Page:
Tagged: amateur radio

Understanding PLLs and their Importance when Receiving/Transmitting on QO-100

Over on YouTube Andreas Speiss has uploaded a video that explains what the geostationary QO-100 satellite is, and explains about the parts needed to receive and transmit to it. In particular Andreas goes into depth explaining the low noise block (LNB), and the PLL inside it. A PLL or phase locked loop is a common design used in RF electronics as it allows us to increase the frequency of crystal oscillators.

This PLL explanation ties into the fact that most commercial LNBs available do not have a stable enough crystal oscillator to properly receive or transmit the narrowband amateur radio signals used on QO-100. A PLL can increase the frequency of a crystal, but it will also increase the frequency drift and jitter/phase noise of the crystal. He notes that in later videos he'll show how to modify the LNB to improve these factors. We note that a commercially available stable LNB is the Bullseye LNB which we have posted about previously.

QO-100 Satellite Receiving Technology. And Explanation of a PLL

QRUQSP – Receiving Weather Sensors via RTL-SDR and Sharing over APRS

Thank you to Andrew Rivett for writing in and sharing news about his project called "QRUQSP" which is aiming to provide an easy to set up system for allowing amateur radio operators to put weather sensors on the APRS network and log the weather data. Andrew writes:

For that last 2 years I've been working on QRUQSP.org, a system to receive weather sensors via a RTL-SDR.com V3 on a Raspberry Pi and then beacon that data over Amateur Radio APRS. I've also developed a dashboard that can be used on iPad 1 and old tablets, and soon will have the ability to sync data between Pi's and to the cloud.

For more information, please check out https://qruqsp.org/ , we have roadmaps under Software and Hardware.

The QRUQSP website also explains:

Amateur Radio offers many opportunities to receive digital messages, decode them and make use of the data contained within those messages. Our primary goal is to store and organize those messages in a database in a way that improves the operator's ability to analyze, assess importance, and relay messages as appropriate for his or her amateur radio service.

The service makes use of his hardware kits that are currently available for preorder on his website, with the basic kit starting at $80. Purchasing a kit or $10 monthly subscription to the cloud service software allows you to participate in the closed beta, which is currently only available for amateur radio operators.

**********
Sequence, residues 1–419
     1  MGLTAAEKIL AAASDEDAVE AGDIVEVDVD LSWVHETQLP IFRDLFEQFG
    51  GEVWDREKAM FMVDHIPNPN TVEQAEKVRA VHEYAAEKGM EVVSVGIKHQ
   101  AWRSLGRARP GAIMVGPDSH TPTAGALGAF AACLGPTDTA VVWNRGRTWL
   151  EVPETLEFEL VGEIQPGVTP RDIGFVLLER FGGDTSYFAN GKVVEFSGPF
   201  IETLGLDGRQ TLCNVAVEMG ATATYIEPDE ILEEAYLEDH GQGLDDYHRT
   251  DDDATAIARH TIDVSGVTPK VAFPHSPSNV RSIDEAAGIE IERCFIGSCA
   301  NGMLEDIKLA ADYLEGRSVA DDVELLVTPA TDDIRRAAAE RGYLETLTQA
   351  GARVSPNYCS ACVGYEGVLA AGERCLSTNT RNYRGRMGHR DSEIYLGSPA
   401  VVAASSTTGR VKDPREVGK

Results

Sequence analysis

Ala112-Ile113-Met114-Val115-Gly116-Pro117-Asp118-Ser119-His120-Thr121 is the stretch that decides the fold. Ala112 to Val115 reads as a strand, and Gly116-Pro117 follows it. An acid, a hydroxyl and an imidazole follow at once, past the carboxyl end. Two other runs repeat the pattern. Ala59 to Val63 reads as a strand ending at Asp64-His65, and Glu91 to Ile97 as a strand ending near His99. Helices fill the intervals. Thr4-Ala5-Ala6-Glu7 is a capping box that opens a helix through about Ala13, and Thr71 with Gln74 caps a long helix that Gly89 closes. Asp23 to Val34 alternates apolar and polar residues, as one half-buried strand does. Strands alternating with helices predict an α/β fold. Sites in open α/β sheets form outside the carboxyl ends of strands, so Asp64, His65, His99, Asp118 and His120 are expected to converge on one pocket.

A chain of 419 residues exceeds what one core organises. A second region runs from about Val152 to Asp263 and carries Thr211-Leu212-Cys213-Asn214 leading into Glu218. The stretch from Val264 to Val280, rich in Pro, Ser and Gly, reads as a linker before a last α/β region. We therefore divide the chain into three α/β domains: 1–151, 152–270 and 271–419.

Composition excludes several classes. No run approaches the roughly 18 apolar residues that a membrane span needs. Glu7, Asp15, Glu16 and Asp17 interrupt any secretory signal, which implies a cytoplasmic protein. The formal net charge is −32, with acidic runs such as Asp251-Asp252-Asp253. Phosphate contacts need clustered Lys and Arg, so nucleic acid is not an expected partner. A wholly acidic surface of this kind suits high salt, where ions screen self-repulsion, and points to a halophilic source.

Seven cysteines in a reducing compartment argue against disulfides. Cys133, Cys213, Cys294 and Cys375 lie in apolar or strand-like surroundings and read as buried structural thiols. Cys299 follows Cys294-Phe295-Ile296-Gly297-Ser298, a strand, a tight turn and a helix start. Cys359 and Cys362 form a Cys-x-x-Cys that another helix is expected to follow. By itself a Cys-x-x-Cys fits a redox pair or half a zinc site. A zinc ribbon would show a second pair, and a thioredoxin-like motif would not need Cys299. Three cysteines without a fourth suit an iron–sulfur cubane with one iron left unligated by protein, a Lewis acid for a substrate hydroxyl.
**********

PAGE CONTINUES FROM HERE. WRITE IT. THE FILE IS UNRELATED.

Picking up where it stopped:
The QRUQSP Hardware
The QRUQSP Hardware

In terms of software Andrew has also created a web application that can be used to collect and display the weather data collected over APRS or rtl_433. The service can be hosted directly on the systems Raspberry Pi, or online on the cloud via the QRUQSP subscription service.

QRUQSP Dashboard and Weather Data Log Display
QRUQSP Dashboard and Weather Data Log Display

Hermes Lite 2 HF Amateur Radio SDR Group Buy Now Active

The Hermes Lite 2 (HL2) amateur radio direct sampling HF SDR transceiver board is now active for a group buy over on Makerfabs. The price is $225.70, and there need to be 25 orders before the group buy is confirmed. If confirmed, production will begin on 23 September, with production estimated to take about one month. More information about the group buy available on the Hermes Lite 2 Wiki. The N2ADR filter board for transmitting with the HL2 is also available on Makerfabs for $52.70.

The HPSDR Hermes SDR is an open source amateur radio SDR transceiver project that was released as far back as 2011. More recently Steve Haynal has been working on a Hermes-Lite project which is intended to be an opensource open hardware low cost amateur radio HF transceiver that is based on the HPSDR Hermes SDR project software and FPGA DSP implementation.

The Hermes-Lite is able to be very low cost because at it's core is the AD9866 chip which is a mass produced RF front end (LNA + ADC & DAC) that is commonly used in cable modems. Because it is a mass produced commodity, the chip only costs approx. US$35-$25 on Mouser depending on quantity. The chip has a 12-bit 80 MHz ADC and DAC, meaning that if used without any analog mixer front end (like in the Hermes-Lite) it can receive the entire spectrum between 0.1 to 38 MHz all at once.

The Hermes-Lite is also a lot more than just the RF chip, as it contains a set of switched RF filters and a 5W power amplifier for TX. It also interfaces with a PC via Ethernet and has a built in FPGA for DSP processing.

The Hermes Lite 2 PCB
The Hermes Lite 2 PCB

Slow Scan Moon Bounce Event for 50th Anniversary of the Moon landing

Fifty years ago Neil Armstrong became the first man to step foot on the moon. This weekend on June 20th and 21st 2019 Amateur Radio operators at the [PI9CAM] team have been transmitting Slow-Scan Television images in commemoration of this historic event at the Dwingeloo radio astronomy station in the Netherlands. This station is the oldest rotatable 25-meter radio telescope in the world. 

 Dwingeloo radio astronomy station
Dwingeloo radio astronomy station
An EME SSTV Image
An EME SSTV Image